Cirks Tournament benefits Dollars for Scholars programToday marks the annual Gene Cirks Memorial Scholarship Fishing Tournament held on Lake Belle Taine.
By: Jason Durham, Park Rapids Enterprise
Today marks the annual Gene Cirks Memorial Scholarship Fishing Tournament held on Lake Belle Taine.
Nobody is completely certain how many years it’s actually been held. Over twenty but not quite thirty years is as accurate as any personal account can tally.
Fishing hours are from 6:30 a.m. to 3 p.m. Weigh-in will take place throughout the day at Camper’s Paradise Resort. A final weigh-in will take place beginning at 3 p.m. and the public is invited to visit the weigh-in site throughout the day. The award ceremony will be held at Muskie Park at about 4:30 p.m.
This event has been dear to me for several reasons. Since I grew up near the shores of Lake Belle Taine, it feels like I’m coming home each and every time I launch the boat into the Belle’s clear-blue water.
Second, Gene Cirks, who the event is held in honor of, was the father of one of my good friends, uncle to another, and brother to other friends. I had the fortunate opportunity to spend a few trips as a guest in Gene’s boat and revisit those moments in my mind on occasion.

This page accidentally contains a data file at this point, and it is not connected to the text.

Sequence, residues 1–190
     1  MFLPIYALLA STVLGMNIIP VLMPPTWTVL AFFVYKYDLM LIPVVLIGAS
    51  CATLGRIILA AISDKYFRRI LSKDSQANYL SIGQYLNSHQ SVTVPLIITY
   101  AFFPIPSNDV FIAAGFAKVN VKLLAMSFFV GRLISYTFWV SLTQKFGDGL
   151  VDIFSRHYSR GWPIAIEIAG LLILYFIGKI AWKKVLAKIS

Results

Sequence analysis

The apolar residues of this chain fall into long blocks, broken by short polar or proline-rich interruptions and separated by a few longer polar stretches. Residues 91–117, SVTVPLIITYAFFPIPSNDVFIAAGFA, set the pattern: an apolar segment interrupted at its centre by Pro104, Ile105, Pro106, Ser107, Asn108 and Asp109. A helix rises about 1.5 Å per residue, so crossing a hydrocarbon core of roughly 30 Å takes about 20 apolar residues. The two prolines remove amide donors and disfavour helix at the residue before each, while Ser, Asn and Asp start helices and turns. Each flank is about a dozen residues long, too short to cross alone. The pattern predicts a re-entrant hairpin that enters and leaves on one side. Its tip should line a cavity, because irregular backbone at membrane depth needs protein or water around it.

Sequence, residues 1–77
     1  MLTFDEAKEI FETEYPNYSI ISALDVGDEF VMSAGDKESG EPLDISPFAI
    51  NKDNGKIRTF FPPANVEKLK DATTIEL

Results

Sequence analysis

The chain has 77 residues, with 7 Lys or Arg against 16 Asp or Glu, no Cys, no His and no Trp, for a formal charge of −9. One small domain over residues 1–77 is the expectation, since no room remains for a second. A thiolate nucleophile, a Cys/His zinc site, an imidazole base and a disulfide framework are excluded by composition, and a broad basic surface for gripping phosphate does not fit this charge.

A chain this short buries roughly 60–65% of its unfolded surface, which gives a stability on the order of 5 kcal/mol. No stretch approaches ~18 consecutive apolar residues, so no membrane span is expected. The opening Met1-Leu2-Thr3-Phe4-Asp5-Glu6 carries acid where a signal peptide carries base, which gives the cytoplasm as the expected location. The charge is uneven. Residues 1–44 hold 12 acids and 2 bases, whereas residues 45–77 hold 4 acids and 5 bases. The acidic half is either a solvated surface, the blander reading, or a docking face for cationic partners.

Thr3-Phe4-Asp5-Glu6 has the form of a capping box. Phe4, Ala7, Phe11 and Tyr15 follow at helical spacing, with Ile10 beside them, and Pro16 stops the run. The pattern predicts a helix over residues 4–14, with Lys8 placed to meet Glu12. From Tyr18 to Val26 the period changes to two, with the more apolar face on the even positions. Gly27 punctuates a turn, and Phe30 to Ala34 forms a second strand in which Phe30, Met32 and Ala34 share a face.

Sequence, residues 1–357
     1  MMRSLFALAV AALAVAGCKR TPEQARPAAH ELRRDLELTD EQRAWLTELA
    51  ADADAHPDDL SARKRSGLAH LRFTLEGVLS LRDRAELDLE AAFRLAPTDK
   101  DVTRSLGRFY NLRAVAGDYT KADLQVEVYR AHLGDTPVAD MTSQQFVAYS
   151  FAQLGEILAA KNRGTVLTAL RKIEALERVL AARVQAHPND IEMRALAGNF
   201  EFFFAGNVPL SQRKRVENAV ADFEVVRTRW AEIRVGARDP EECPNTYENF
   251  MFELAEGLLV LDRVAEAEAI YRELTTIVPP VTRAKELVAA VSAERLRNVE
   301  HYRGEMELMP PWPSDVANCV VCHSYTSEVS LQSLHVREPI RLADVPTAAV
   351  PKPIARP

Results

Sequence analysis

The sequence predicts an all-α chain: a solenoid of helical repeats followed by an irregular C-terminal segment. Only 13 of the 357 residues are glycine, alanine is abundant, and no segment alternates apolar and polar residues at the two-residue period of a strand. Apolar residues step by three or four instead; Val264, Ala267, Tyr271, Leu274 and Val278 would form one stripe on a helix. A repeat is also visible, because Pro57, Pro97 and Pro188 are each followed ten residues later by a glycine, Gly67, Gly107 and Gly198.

Third, the Gene Cirks Memorial Scholarship Tournament helps generate funds for the Nevis Dollars for Scholars organization. Since the additional $10 per team tax deductible contribution was added, the event has raised nearly $10,000 for Nevis graduates pursuing post-secondary education.
Over the past few years, the Cirks event has not only attracted some very good competitors, but also a group of accomplished anglers who once called the lakes area home. Every year the tournament seems more and more like a reunion versus a competition. It’s a small-town homecoming for all.
Typically held the day before Father’s Day, the tournament brings back memories of my own dad from the early years of both my existence and the tournament’s.
Twenty-one years ago, when I participated with my dad in the Belle Taine Tournament for the first time, most boats didn’t have functioning livewells. A five-gallon bucket or cooler was commonplace in the participant’s boats. Today registration is contingent upon a working livewell.
I’ll never forget the anxiousness that built inside my belly the night before competition. Fifteen minutes of sleep was all my nerves would usually allow.
I remember the strategies my dad and I would plot, never etched on paper, but discussed in a calm voice just minutes before the siren signaled the release of our take-off flight; a not-so-fast-paced hole-shot with our 6 horsepower outboard for a hundred yards to the area we fished in the evenings from shore.
Though we never took home a check for winning, we always had the opportunity to bring fish up to the scale.
With Father’s Day tomorrow, our father/son celebration will take place today, even though we’ll be fishing in different boats. And when his team brings a fish to the scale, I’ll cheer louder than anyone and under my breath thank him for introducing me to this wonderful pastime we call fishing.